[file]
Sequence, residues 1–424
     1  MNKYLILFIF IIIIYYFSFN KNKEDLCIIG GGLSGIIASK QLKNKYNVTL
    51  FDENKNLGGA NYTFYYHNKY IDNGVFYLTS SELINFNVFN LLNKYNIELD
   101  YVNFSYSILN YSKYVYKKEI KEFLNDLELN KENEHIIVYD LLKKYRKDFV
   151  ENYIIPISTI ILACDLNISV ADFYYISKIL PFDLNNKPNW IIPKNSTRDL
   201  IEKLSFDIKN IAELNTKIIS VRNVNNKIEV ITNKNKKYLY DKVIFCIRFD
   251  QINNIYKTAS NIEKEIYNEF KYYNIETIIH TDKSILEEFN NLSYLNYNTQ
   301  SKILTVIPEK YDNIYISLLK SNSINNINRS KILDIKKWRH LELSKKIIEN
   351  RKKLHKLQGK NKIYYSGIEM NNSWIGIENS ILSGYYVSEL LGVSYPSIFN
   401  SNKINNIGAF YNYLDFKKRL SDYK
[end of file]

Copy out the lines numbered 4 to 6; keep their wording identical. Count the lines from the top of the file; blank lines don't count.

   101  YVNFSYSILN YSKYVYKKEI KEFLNDLELN KENEHIIVYD LLKKYRKDFV
   151  ENYIIPISTI ILACDLNISV ADFYYISKIL PFDLNNKPNW IIPKNSTRDL
   201  IEKLSFDIKN IAELNTKIIS VRNVNNKIEV ITNKNKKYLY DKVIFCIRFD